Intrauterine Exposure to Alcohol and Tobacco Use and Childhood IQ: Findings from a Parental-Offspring Comparison within the Avon Longitudinal Study of Parents and Children

Alati, Rosa, MacLeod.,John, Hickman, Matthew, Sayal, Kapil, May, Margaret, Davey-Smith, George and Lawlor, Debbie (2008) Intrauterine Exposure to Alcohol and Tobacco Use and Childhood IQ: Findings from a Parental-Offspring Comparison within the Avon Longitudinal Study of Parents and Children. Pediatric Research, 64 6: 659-666. doi:10.1203/PDR.0b013e318187cc31


Author Alati, Rosa
MacLeod.,John
Hickman, Matthew
Sayal, Kapil
May, Margaret
Davey-Smith, George
Lawlor, Debbie
Title Intrauterine Exposure to Alcohol and Tobacco Use and Childhood IQ: Findings from a Parental-Offspring Comparison within the Avon Longitudinal Study of Parents and Children
Journal name Pediatric Research   Check publisher's open access policy
ISSN 0031-3998
Publication date 2008-12-01
Year available 2008
Sub-type Article (original research)
DOI 10.1203/PDR.0b013e318187cc31
Open Access Status Not Open Access
Volume 64
Issue 6
Start page 659
End page 666
Total pages 8
Editor Devaskar, Sherin U
Place of publication United States
Publisher Lippincott Williams & Wilkins
Language eng
Subject C1
111706 Epidemiology
920414 Substance Abuse
Abstract This study aims to test the hypothesis that moderate maternal alcohol and tobacco use in pregnancy is associated with intelligent quotient (IQ) scores in childhood through intrauterine mechanisms. We conducted parental-offspring comparisons between the associations of tobacco and alcohol consumption with child's IQ in the Avon Longitudinal Study of Parents and Children. Analyses were conducted on 4332 participants with complete data on maternal and paternal use of alcohol and tobacco at 18 wk gestation, child's IQ and a range of confounders. IQ was measured at child age 8 with the Weschler Intelligence Scale for Children (WISC-III). We used multivariable linear and logistic regression to estimate mean differences and 95% confidence intervals in IQ scores across the exposure categories and computed f statistics to compare maternal and paternal associations. In fully adjusted models, there was no strong statistical evidence that maternal alcohol and tobacco consumption during pregnancy were associated with childhood IQ with any greater magnitude than paternal alcohol and tobacco consumption (also assessed during their partners' pregnancy). Our findings suggest that the relationship between maternal moderate alcohol and tobacco use in early pregnancy and childhood IQ may not be explained by intrauterine mechanisms.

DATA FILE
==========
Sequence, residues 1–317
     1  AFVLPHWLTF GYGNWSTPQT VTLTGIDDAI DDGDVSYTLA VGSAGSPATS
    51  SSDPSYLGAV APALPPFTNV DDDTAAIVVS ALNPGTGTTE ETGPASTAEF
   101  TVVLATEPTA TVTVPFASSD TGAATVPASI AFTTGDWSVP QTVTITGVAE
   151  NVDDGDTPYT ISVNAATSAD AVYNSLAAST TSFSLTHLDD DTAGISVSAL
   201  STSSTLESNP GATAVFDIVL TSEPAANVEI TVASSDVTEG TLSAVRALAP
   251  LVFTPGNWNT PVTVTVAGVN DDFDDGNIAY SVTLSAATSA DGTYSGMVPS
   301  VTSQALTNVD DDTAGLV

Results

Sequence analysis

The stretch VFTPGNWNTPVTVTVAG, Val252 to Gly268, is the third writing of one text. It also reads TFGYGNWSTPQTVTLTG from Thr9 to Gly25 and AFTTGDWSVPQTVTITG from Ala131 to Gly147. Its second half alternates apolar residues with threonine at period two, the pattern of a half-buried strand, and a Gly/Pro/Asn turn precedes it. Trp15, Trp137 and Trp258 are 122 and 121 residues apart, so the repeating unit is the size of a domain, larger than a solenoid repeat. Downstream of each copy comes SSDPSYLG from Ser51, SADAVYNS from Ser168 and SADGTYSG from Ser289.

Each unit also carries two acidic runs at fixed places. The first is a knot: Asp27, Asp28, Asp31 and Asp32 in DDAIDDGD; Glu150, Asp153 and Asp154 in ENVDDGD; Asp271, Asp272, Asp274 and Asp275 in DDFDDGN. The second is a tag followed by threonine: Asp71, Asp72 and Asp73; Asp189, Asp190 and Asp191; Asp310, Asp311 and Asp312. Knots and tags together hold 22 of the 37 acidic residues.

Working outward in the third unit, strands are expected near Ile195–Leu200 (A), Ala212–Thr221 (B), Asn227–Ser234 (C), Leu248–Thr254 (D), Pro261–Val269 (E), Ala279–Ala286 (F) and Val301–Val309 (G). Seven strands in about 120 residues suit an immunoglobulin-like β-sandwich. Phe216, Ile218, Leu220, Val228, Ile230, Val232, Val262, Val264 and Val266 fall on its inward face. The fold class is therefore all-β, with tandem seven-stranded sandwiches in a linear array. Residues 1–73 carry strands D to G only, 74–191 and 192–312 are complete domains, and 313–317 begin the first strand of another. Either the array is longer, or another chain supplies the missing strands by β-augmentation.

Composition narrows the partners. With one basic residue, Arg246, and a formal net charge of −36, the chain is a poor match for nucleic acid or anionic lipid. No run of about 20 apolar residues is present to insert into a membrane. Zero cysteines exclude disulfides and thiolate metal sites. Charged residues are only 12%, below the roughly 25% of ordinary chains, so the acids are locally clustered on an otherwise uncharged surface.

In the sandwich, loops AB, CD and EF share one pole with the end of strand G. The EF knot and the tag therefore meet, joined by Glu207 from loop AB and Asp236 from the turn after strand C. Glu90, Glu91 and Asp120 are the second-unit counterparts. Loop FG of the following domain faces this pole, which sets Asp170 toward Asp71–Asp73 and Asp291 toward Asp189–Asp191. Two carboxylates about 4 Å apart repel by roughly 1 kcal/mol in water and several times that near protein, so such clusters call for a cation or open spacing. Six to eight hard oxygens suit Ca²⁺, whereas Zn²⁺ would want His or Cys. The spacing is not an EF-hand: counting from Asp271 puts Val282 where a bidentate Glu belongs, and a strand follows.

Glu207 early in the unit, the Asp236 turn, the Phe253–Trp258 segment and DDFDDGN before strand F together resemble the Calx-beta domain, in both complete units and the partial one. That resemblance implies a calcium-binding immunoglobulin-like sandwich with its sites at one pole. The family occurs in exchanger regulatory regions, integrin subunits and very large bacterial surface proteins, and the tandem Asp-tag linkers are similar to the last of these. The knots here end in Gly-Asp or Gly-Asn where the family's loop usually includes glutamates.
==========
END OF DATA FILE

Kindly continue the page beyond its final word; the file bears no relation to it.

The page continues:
Keyword Pediatrics
Pediatrics
PEDIATRICS
Q-Index Code C1
Q-Index Status Confirmed Code
Grant ID G0600705
G9815508
Institutional Status UQ

Document type: Journal Article
Sub-type: Article (original research)
Collections: 2009 Higher Education Research Data Collection
School of Public Health Publications
 
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Created: Fri, 20 Mar 2009, 00:18:13 EST by Yvonne Flanagan on behalf of School of Public Health